Westview Middle School students are designing a hot wheels track with a rotating middle section, a basketball version of the classic skee ball and a fishing game using recycled robotics competition parts.
Westview technology teacher Danny Hernandez said the class is student centered, with students designing, testing and building the games.
“I don’t have all the answers for them,” he said. “They have to figure out the problems.”
Hernandez, a parent at Longmont’s Central Elementary, was talking with other parents several years ago about how to improve Central’s annual carnival fundraiser. He suggested having his middle school students build and run the carnival games, allowing Central to save the money spent on bringing in an outside company.
He made the games the main project in his nine-week “Wired Creativity” classes. The goal is for students to design a new twist on carnival games, with many incorporating technology.
Working in groups, students start by building a prototype using cardboard, scrap wood and other spare parts. Along with building new games, students are encouraged to improve on games built by previous classes. Those with an artistic bent are in charge of the painting.
Most materials are either donated — mainly by parents, with a local bike shop contributing cardboard from product boxes — or repurposed from the previous robotics competitions. The carnival games share space with the robotics arena in the school’s technology lab.
After testing the prototypes, the games that work best are built from wood and rented to elementary schools or used for Westview events.
“Not every game makes it,” Hernandez said. “They have to use data to prove it’s going to work.”
In the current seventh grade class, a group of three girls came up with an idea for a hot wheels track using pipes, making it into a game by using a motor to spin the middle section, making it more challenging to get the car to the end.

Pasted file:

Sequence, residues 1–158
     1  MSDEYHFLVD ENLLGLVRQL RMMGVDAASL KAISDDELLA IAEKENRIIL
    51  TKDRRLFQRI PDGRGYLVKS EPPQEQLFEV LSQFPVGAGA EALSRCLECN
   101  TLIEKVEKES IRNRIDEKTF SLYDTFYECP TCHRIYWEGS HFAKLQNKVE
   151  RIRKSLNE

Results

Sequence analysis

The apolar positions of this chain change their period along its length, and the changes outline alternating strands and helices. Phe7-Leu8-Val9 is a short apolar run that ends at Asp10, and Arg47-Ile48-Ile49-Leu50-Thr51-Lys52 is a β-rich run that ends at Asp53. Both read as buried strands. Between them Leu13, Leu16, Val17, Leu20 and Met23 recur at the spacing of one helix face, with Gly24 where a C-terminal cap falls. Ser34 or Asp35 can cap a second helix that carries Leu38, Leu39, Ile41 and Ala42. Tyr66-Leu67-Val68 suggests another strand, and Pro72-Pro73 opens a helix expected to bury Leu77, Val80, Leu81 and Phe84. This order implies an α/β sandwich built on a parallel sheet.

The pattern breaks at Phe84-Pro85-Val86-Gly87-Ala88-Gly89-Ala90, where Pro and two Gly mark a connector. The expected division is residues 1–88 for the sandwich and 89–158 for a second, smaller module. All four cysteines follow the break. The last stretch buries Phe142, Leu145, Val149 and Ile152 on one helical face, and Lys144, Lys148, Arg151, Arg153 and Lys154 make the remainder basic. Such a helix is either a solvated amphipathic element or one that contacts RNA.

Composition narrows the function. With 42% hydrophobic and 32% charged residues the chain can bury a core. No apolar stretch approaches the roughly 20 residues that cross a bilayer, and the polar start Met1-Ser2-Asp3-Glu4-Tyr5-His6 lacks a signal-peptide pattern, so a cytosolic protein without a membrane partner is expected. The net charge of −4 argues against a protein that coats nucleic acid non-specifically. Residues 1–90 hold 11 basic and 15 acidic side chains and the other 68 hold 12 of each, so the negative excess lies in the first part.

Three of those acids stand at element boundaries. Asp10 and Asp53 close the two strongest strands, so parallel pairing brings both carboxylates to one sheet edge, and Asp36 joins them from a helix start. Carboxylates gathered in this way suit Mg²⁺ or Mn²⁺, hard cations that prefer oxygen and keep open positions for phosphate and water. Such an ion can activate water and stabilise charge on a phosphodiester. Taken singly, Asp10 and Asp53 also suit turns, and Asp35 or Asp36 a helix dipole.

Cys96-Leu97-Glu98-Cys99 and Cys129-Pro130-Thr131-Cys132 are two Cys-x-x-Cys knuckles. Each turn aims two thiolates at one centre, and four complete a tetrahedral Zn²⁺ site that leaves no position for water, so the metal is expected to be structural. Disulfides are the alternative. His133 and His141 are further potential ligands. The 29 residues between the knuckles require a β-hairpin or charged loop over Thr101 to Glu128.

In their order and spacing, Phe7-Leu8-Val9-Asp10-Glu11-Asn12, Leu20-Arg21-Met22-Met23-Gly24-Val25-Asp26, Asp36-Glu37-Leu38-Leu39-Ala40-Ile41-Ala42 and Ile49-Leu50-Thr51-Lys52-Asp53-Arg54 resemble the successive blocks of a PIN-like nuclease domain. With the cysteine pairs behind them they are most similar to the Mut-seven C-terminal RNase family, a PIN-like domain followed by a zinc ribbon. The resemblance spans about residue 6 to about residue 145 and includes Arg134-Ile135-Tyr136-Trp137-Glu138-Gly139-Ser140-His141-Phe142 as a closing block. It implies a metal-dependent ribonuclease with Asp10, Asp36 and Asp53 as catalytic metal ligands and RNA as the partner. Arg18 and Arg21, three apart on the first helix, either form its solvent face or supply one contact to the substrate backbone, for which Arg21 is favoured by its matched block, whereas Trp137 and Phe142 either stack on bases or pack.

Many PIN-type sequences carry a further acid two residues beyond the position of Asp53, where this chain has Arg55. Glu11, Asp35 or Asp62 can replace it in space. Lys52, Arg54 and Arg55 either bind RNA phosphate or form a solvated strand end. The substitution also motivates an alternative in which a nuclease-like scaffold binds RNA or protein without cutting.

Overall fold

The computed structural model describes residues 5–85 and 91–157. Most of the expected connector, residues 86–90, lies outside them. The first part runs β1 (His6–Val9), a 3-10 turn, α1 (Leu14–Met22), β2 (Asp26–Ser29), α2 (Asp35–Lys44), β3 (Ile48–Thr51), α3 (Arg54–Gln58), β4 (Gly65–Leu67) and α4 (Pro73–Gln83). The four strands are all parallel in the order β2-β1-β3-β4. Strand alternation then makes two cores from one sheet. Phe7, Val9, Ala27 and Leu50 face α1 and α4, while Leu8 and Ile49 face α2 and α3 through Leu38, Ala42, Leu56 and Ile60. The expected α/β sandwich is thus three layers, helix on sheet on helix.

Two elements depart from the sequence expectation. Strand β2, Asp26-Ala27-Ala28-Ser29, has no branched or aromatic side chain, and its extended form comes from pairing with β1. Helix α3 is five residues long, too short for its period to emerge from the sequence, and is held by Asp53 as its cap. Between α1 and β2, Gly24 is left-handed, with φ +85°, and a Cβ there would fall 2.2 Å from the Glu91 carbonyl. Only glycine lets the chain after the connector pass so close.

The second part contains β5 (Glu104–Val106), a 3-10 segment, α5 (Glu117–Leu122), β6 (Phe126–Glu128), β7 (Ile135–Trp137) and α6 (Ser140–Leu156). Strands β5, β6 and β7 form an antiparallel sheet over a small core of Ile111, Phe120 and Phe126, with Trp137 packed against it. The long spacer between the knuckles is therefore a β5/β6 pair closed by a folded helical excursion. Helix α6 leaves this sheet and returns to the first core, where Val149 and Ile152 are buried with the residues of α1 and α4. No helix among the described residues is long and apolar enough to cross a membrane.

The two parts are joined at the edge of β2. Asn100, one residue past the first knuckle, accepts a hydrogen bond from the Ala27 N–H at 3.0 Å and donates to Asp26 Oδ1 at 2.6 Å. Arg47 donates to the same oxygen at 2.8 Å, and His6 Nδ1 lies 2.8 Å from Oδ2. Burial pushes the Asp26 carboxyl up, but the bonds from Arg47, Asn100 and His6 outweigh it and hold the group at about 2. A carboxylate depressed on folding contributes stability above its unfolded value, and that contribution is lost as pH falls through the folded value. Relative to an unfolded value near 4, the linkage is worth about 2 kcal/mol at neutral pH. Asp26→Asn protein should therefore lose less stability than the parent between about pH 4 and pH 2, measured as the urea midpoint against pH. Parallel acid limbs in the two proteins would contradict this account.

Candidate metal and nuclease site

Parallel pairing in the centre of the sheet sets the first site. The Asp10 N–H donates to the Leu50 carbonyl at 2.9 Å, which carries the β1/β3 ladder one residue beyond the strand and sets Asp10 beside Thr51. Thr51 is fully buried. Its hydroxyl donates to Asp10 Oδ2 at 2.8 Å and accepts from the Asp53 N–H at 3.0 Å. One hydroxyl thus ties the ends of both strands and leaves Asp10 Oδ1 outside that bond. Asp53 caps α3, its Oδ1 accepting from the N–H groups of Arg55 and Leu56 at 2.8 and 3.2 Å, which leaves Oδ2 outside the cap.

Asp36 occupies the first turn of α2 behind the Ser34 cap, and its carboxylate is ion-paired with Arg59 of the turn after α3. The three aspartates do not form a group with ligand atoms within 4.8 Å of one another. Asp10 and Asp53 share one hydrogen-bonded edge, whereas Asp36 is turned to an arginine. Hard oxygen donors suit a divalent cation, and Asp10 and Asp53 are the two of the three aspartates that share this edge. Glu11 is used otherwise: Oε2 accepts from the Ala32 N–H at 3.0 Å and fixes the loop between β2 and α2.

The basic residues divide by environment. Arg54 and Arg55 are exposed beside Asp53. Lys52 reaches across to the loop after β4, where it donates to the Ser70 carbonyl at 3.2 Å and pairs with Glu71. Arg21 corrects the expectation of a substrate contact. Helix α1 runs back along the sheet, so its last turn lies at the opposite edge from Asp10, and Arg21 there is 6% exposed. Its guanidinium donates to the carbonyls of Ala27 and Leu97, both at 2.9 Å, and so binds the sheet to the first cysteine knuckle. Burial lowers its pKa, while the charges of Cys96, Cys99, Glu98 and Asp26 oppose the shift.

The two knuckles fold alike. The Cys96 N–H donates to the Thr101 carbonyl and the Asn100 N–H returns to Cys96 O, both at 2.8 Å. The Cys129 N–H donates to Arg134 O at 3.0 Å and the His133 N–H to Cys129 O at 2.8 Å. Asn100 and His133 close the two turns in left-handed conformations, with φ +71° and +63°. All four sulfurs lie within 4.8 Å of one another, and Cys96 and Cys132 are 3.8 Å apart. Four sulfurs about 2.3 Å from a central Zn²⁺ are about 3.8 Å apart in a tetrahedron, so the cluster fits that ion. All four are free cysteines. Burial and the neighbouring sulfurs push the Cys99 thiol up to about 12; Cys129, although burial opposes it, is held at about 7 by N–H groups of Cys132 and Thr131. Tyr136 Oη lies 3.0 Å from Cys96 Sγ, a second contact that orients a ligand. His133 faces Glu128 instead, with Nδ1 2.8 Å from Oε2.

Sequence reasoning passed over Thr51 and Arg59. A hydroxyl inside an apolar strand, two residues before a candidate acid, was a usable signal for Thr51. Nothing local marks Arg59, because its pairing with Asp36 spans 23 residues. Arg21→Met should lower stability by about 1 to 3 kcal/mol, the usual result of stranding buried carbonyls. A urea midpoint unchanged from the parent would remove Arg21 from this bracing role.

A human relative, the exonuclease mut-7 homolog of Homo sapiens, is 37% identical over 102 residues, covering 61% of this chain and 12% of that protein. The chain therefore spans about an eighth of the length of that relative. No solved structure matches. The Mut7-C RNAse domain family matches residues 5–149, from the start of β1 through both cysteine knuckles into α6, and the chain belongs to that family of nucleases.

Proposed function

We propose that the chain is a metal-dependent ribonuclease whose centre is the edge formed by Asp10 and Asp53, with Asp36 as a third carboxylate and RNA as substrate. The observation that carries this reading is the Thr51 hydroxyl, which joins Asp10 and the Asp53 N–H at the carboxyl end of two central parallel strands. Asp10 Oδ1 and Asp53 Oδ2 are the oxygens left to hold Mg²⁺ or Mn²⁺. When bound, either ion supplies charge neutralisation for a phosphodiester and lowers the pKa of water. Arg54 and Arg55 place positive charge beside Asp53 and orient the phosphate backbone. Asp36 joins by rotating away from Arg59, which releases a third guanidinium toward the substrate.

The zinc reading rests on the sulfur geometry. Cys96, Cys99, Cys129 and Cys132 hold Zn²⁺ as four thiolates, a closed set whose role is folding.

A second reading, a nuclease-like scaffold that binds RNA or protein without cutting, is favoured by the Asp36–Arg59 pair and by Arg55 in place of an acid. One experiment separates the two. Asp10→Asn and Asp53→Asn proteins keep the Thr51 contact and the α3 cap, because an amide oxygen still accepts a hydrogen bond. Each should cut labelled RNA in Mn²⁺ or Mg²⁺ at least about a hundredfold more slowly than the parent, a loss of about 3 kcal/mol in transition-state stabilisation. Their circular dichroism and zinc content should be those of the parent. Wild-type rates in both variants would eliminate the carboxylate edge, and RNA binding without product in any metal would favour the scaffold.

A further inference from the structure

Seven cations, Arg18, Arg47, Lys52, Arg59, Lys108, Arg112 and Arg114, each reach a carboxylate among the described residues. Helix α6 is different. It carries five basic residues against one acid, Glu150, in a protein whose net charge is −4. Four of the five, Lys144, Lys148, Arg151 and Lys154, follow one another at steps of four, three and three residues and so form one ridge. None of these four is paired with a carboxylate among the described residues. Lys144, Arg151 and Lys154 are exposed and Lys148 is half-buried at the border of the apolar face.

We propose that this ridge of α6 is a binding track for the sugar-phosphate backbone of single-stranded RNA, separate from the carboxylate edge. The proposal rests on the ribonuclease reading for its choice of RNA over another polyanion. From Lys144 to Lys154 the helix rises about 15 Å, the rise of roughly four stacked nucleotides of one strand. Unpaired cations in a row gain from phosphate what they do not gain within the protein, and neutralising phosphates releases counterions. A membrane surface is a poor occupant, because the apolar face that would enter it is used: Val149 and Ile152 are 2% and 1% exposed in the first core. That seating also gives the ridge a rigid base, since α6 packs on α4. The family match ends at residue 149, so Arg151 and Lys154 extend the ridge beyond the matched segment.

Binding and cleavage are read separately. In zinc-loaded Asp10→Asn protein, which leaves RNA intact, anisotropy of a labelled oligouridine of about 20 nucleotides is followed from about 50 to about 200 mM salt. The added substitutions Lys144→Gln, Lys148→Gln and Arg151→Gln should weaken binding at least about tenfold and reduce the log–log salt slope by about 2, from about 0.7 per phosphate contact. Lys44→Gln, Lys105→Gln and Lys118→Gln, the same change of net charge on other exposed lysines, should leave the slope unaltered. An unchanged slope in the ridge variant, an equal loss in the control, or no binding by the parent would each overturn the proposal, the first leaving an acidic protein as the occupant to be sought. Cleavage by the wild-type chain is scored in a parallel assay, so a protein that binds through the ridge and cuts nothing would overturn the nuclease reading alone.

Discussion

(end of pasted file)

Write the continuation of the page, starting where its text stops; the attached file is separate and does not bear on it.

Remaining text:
“I’m the first one to do it,” Ava Simonson cheered as she successfully sent her car through the track. “I’m amazing.”
She said she signed up for the class because “it sounded fun to be able to make things.”
Nicco Kovacic came up with a simple idea of tossing a disc into buckets, then changed it to use a disc to use to hit a ball into the buckets to increase the difficulty level. It’s so difficult now, he named it “The Near Impossible Game.”
“You have to hit it just right,” he said, adding he’s thinking about adding a wood bumper around the buckets to contain the balls that bounce out. “It’s simple, but it’s complex.”
Seventh grader Jayden Henderson is working on the game that combines skee ball with basketball. The aim is to roll a ball up a ramp into one of three baskets, set at different heights. In testing the game, he only made the top basket once, so that one will win the biggest prize.
“It’s really hard, but it works,” said Jayden, who is also on the school’s robotics team. “I like working with electronics and programming.”
Grades aren’t based on the final product, giving students more room for creativity and to try more complex designs that they may not finish by the end of the class.
Hernandez gives a “participation” grade for showing up and staying on task. Students also are asked to grade themselves through written reflections on their work every other week — a practice he started during the pandemic when he couldn’t see their work while they learned from home.
“If you’re willing to show up and willing to work and wiling to learn, there’s no reason not to get a good grade,” he said.